Thoughts From A Sexuality Educator
Throughout middle school, whispers of crushes, flirting on AIM, first periods, and shaving grew as we did. As many 12-year-olds do, I smiled and laughed in agreement even when I didn’t know what my peers meant. All the while, I was eager to get home and ask one of my brothers how to ‘do’ all of this. I’ll never know if the first brother who I sought wisdom from was genuinely misinformed about these topics too, or if he was intentionally trying make me even more embarrassed about navigating the world as a pre-teen, but he wasn’t much help. When I asked him about the wonders of shaving, he told me where I could find our mom’s razor and gave me explicit directions on how to shave my arms. Not my armpits, my arms. A week later, I found myself back on the playground, staring at how the sun hit my prickly and partially grown out hair, quite certain that I was not any closer to understanding the mysteries of puberty.
Today my arm hair has fully regrown and as an act of hope and justice, I teach sexuality education to middle schoolers.
When I reflect on the gaps in my own sexuality education—and with each new class that I lead on consent, healthy relationships, or gender identity — ‘sex ed for all’ remains my vision for the future, and my driving motivation for engaging in this work.
Perhaps the oldest (and most misinformed) question in the book asks, “Aren’t your lessons just giving young people permission to have sex and get pregnant?”
When we look to the research, the short and honest answer is, no – quite the opposite. Providing age-appropriate, evidence-based, and comprehensive sexuality education to every person, and throughout every stage of their development, is essential. If we acknowledge that each of us is a sexual being for the entirety of our lives (meaning that all people experience or have some combination of intimacy, sensuality, sexualization, sexual identity, and sexual and reproductive organs), then we also must acknowledge that sexuality education is critical to our development, critical to our health, and critical to how we understand ourselves and those around us. If sexuality plays such an undeniable role in our lives, why wouldn’t we want all people to have the essential knowledge and skills to define their values in order to best navigate the world? Just as we learned the foundations of math and science and built on them in each new year of school, I yearn for the day when sexuality education is universally recognized and adopted with the same widespread acceptance.
Unfortunately, however, widespread acceptance of comprehensive sexuality education is not going to happen overnight. As we continue to build momentum for this movement, we must stay anchored in the proud truths about this work.
One of these truths is that comprehensive and quality sexuality education is not absent of values, but instead, it centers them. In class, if I have done my job well, I have facilitated a space where participants are naming and experiencing their own sense of power, where they are communicating better, and where they are more cognizant of their identities. Sexuality education is a means for participants to wrestle with and better articulate their own values, all while increasing their empathy for others and their sense of justice. The sexuality education classroom can be the practice grounds, where problem- solving and critical thinking come to life. Experiences of this depth and importance are a constant reminder of how removing the unnecessary veil on sexuality is a common good. Buried under narratives of judgment, fear, and shame, sexuality educators like myself and many other champions can help create a new reality.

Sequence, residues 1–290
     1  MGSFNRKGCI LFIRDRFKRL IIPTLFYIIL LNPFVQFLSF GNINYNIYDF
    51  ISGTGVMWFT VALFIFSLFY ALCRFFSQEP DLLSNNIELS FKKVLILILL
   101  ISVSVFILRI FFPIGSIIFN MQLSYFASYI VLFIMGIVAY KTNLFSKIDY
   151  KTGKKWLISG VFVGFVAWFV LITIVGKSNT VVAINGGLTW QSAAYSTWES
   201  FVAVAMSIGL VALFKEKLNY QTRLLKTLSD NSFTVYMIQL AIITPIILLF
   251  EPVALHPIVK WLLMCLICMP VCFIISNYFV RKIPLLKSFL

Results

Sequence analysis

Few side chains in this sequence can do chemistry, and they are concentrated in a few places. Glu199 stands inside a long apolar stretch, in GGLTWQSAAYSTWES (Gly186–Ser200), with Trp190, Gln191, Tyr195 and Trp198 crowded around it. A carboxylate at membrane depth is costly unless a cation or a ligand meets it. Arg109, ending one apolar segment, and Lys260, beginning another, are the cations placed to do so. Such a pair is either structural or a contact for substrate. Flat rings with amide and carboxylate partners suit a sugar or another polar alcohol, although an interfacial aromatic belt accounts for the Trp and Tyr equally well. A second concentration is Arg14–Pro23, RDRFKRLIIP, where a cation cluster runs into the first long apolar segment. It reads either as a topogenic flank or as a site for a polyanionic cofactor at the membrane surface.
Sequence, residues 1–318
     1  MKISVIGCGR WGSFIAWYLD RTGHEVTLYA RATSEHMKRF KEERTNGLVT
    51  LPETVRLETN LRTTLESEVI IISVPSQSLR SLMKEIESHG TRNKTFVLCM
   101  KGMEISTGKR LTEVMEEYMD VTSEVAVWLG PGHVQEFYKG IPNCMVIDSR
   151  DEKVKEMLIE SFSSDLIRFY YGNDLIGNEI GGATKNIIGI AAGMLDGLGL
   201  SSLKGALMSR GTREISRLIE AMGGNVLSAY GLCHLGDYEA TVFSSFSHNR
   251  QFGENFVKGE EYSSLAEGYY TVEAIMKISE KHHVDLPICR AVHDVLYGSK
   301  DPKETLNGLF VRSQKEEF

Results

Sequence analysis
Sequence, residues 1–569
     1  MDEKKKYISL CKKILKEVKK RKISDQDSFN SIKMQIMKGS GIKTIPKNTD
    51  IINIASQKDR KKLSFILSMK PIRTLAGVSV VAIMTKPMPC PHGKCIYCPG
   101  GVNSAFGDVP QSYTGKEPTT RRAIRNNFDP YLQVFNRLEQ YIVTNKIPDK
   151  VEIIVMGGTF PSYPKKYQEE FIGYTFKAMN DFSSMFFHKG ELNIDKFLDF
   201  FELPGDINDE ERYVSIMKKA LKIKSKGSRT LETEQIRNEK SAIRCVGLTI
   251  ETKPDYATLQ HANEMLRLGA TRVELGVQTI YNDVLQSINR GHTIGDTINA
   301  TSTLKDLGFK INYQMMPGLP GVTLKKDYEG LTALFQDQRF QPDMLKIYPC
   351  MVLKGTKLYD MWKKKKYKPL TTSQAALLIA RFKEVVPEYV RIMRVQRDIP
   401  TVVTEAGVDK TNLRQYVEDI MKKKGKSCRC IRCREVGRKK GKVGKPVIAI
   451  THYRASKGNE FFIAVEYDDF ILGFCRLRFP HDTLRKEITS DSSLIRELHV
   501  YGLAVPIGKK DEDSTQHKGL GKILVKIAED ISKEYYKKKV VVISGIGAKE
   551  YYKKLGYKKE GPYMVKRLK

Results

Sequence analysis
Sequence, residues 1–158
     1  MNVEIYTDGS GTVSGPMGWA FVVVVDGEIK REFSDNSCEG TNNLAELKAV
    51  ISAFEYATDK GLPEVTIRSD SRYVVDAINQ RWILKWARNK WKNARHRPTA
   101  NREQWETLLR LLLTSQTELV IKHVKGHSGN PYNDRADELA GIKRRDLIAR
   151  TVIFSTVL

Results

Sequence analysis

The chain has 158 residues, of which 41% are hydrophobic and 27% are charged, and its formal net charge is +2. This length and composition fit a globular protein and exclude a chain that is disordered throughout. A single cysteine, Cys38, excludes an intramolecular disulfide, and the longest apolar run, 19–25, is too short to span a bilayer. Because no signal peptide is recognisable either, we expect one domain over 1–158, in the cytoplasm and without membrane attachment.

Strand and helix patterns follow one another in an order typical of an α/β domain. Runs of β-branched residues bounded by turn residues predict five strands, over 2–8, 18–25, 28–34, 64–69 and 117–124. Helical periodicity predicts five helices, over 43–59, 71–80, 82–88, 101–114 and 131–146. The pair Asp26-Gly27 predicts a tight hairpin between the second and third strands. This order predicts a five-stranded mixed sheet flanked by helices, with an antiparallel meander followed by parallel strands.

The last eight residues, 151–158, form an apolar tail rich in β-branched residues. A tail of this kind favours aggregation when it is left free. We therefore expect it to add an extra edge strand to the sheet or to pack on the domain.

Additionally, comprehensive and quality sexuality education provides young people with access to information they deserve as well as a consistent, knowledgeable, curious, and non-judgmental adult who is willing to have conversations with them that they may not get anywhere else. One way that I have created this trust in the classroom is inviting students to ask any question and reinforcing that all questions are good questions. I am honest with participants when I am stumped and promise that I will come back the next week with an answer. Reinforcing curiosity has also been established through an ‘anonymous question box.’ In the form of a decorated shoe box, this becomes one of the safer spaces to place their ponderings. With each notecard they submit, I sense that my students start to believe asking these questions is in fact not shameful at all, but rather, liberating. Boiling down the questions I receive, they all seem to ask, in one form or another, “Am I normal?” Whether the topic is masturbation, size of their genitalia, symptoms of puberty, or age of first sexual experience, they are craving to hear someone say that their experience is valid, that they are normal, and that they are not alone.
As a proud facilitator, I believe that each person, young and old, deserves quality and comprehensive sexuality education. ‘Sex Ed for All’ is a powerful goal, and one that is worth being on the front lines for.